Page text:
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give name to the tragedy are left alive : Cressida is false, and is not punished.” The excitement of pity and terror, we are told, is the only ground of tragedy. Tragedy, too, must have a moral that directs the whole action of the play to one centre.” To this standard, then, is Shakspere's "Troilus and Cressida' to be reduced. The chief persons who give name to the tragedy are not to be left alive. Cressida is not to be false ; but she is to die: and so terror and pity are to be produced. And then comes the moral :

“Then, since from home-bred factions ruin springs,

Let subjects learn obedience to their kings.'

The management by which Dryden has accomplished this metamorphosis is one of the most remarkable examples of perverted ingenuity. He had a licentious age to please. He could not spare a line, or a word, of what may be considered the objectionable scenes between Pandarus, Troilus, and Cressida.

Th formed no part of the “rubbish ” he desired to remove.

He has heightened them wherever possible ; and what in Shakspere was a sly allusion becomes with him a positive grossness. Now let us consider for a moment what Shakspere intended by these scenes. Cressida is the exception to Shakspere's general idea of the female character. She is beautiful, witty, accomplished,—but she is impure. In her, love is not a sentiment, or a passion,it is an impulse. Temperament is stronger than will. Her love has nothing ideal, spiritual, in its composition. It is not constant, because it is not discriminate. Setting apart her inconstancy, how altogether different is Cressida from Juliet, or Viola, or Helena, or Perdita ! There is nothing in her which could be called love: no depth, no concentration of feeling,—nothing that can bear the name of devotion. Shakspere would not permit a mistake to be made on the subject; and he has therefore given to Ulysses to describe her, as he conceived her. Considering what his intentions were, and what really is the high morality of the characterization, we can scarcely say that he has made the representation too prominent.

The feeling which the study of Shakspere's "Troilus and Cressida' slowly but certainly calls forth, is that of almost prostration before the marvellous intellect which has produced it. But this is the result of study, as we have said. The play cannot be understood upon a superficial reading : it is full of the most subtle art. We may set aside particular passages, and admire their surpassing eloquence,their profound wisdom; but it is long before the play, as a whole, obtains its proper mastery over the understanding.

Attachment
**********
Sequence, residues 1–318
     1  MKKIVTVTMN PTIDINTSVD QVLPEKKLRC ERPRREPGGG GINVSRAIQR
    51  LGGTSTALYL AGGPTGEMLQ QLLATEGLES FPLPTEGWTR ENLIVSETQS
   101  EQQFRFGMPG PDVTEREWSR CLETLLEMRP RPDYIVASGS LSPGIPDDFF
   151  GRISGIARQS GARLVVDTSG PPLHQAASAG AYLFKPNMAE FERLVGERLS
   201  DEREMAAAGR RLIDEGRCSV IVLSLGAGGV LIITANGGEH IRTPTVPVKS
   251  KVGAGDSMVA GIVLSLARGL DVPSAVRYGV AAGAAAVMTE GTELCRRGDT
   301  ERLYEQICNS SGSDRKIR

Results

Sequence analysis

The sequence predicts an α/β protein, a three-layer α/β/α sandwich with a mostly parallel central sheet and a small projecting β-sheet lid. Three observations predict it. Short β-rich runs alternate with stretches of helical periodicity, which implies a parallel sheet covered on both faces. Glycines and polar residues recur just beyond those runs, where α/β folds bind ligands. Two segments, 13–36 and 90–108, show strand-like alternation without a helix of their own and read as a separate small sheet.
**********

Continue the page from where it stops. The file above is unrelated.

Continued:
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PERSONS REPRESENTED.

ESCALUS, Prince of Verona.
Appears, Act I. sc. 1. Act III. sc. 1. Act V. sc. 3.

Paris, a young nobleman, kinsman to the Prince.
Appears, Act I. sc. 2. Act III. sc. 4. Act IV. sc. 1; sc. 5.

Act V. sc. 3. MONTAGUE, head of a house, at variance with the house of Capulet. Appears, Act III. sc. l.

Act V. sc. 3. CAPULET, head of a house, at variance with the house of Montague. Appears, Act I. sc. 1; sc. 2; sc. 5. Act III. sc. 1; sc. 4; sc. 5.

Act IV. sc. 2; sc. 4; sc. 5. Act V. sc. 3.

An old Man, uncle to Capulet.

Appears, Act I. sc. 5.

ROMEO, son to Montague.

Appears, Act I. sc. l; sc. 2; sc. 4; sc. 5.
Act II. sc. 1; sc. 2; sc. 3; sc. 4; sc. 6. Act III. sc. 1; sc. 3; sc. 5.

Act V. sc. 1; sc. 3.
MERCUTIO, kinsman to the Prince and friend to Romeo.
Appears, Act I. sc. 4. Act II. sc. 1; sc. 4. Act III. sc. 1.

BENVOLIO, nephew to Montague, and friend to Romeo. Appears, Act I. sc. 1; sc. 2; sc. 4; sc. 5. Act II. sc. l; sc. 4.

Act III. sc. 1.
TYBALT, nephew to Lady Capulet.
Appears, Act I. sc. l; sc. 5. Act III. sc. 1.

FRIAR LAURENCE, a Franciscan.
Appears, Act II. sc. 3; sc. 6. Act III. sc. 3. Act IV. sc. 1; sc. 5.

Act V. sc. 2; sc. 3.
FRIAR JOHN, a Franciscan.

Appears, Act V. sc. 2.

BALTHASAR, servant to Romeo.
Appears, Act I. sc. 1. Act V. sc. 1; sc. 3.

SAMPSON, servant to Capulet.

Appears, Act I. sc. 1.
GREGORY, servant to Capulet.

Appears, Act I. sc. 1.
ABRAM, servant to Montague.

Appears, Act I. sc. 1.

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